I know from personal experience what it's like to grow up in what society refers to as a "dysfunctional home." Today, there are so many dysfunctional families that much of the world has lost sight of what a healthy, functional family looks like.
I was raised Jewish, so Jesus was the last thing on my mind. My parents have been married and divorced three times each, and I've been a part of five blended families. My dad had an extremely violent temper and my mom was paralyzed by emotional pain. Because they were always in one crisis situation after another, I never felt the freedom to go to my parents for comfort and direction. When I needed comfort, I found it in food. When I was in pain, I used drugs and alcohol to escape. By the time I was sixteen, I was addicted to both the food and the drugs. I had made so many poor choices, burned so many bridges, and nearly destroyed my mind and body. I believed I was destined for destruction. I wanted
desperately to crawl out of this deep, dark hole of despair, but the harder I tried, the deeper I fell into depression.
At the lowest point in my life, a friend challenged me with a painful question. She asked me how long I was going to use my past as an excuse for the poor choices I was making. She shocked me with the truth that I could do nothing to change my past, but I could choose to make the right choices to change my future.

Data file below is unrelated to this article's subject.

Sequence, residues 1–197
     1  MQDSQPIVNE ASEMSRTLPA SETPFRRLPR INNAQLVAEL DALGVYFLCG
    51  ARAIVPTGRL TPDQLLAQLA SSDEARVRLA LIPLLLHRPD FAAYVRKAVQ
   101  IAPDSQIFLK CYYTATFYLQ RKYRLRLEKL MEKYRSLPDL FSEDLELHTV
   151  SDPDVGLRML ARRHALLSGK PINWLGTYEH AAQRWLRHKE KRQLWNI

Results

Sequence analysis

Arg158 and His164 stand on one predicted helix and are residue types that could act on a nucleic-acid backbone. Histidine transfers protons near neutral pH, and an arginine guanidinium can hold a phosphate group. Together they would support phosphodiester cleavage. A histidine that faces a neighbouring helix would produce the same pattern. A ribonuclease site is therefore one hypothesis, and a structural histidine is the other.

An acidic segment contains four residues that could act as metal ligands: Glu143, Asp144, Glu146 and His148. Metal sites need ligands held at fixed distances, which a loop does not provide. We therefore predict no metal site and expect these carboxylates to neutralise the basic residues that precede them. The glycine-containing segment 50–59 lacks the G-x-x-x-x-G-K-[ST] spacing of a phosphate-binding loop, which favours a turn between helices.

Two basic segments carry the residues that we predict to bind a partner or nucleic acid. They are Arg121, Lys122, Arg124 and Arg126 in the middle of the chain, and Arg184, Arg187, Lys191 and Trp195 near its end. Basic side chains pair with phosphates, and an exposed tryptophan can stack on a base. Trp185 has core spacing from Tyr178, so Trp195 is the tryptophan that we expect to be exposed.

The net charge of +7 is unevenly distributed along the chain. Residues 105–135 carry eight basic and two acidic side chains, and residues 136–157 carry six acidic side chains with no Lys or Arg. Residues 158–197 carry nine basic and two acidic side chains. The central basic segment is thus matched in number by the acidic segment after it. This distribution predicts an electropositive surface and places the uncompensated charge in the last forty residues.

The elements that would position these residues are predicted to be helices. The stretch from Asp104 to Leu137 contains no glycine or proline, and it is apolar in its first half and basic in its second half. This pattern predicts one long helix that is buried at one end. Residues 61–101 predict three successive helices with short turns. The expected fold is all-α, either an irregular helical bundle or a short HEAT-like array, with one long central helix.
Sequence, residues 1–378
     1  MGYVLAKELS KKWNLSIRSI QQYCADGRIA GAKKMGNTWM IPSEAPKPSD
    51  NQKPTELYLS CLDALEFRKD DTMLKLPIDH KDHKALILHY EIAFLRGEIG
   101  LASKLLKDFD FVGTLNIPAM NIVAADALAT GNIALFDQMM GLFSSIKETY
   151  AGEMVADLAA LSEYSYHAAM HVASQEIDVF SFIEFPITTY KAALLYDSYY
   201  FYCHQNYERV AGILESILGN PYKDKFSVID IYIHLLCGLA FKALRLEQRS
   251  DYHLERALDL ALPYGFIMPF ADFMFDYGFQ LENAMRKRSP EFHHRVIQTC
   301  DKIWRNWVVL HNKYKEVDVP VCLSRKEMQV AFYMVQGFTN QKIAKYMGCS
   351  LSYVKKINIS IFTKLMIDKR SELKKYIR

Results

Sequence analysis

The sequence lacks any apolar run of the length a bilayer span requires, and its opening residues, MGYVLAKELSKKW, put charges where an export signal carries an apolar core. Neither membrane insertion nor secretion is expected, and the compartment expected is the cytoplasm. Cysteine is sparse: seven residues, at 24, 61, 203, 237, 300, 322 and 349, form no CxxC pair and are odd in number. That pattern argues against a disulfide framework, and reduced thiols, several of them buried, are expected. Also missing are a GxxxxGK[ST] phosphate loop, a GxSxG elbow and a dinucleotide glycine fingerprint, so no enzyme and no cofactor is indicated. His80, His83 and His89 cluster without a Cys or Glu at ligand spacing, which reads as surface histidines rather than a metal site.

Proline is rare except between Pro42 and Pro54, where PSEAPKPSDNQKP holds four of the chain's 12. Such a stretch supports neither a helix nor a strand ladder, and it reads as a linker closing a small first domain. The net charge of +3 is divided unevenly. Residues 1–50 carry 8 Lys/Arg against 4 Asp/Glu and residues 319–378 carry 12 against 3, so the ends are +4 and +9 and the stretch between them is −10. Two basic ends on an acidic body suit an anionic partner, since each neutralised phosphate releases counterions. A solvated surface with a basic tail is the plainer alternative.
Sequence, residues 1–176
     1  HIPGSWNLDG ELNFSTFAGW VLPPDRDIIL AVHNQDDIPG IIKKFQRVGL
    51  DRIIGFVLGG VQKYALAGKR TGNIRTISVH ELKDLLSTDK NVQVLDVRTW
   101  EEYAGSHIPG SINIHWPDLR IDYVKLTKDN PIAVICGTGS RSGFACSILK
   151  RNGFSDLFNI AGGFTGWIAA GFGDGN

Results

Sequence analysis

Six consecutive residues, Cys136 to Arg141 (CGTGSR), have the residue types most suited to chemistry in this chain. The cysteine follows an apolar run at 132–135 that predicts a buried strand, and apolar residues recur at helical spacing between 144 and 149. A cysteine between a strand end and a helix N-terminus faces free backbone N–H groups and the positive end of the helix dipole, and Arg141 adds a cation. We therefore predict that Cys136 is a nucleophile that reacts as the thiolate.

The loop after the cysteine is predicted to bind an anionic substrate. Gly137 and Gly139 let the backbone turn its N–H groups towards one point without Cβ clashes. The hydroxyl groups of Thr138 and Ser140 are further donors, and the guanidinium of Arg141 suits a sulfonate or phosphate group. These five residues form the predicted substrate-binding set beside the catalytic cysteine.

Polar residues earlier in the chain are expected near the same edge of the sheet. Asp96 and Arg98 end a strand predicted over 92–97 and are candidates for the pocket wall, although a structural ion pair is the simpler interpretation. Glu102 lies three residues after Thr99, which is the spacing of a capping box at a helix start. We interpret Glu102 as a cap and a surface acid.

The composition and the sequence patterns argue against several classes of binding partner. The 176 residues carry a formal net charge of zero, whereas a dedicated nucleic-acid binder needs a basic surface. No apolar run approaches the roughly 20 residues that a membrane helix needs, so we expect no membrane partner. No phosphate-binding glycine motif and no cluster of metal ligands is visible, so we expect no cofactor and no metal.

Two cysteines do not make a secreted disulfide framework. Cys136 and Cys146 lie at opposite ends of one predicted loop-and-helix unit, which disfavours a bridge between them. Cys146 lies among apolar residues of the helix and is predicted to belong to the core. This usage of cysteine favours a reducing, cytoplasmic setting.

That painful truth empowered me to change almost everything about myself. Believe it or not, in just one year, I lost all my weight, I stopped using drugs, I changed my friends, I changed my attitude, I improved my grades, I changed my clothes, my hair color, and while I was in a "change mode" I even changed my nose.
I went from a drug-using, overweight, insecure junior in high school to a powerful, popular senior who had boyfriends, a local beauty title, and a much better place in life. It looked like I had it all, and to the outside world, I did. There was only one piece missing from what appeared to be the perfect puzzle; it didn't matter how much I projected a perfect life on the outside, because on the inside, I continued to die a silent and secretive death that no one could see but me. I refused to forgive those who had hurt me and I held on to bitterness and resentment.
I was emotionally starving for love and felt alone, no matter how many people I had surrounding me. All the money, things, worldly success, and beauty could only decorate my pain and get the praise of people.
Proverbs 14:12 says, "There is a way that seems right to a man, but in the end it leads to death."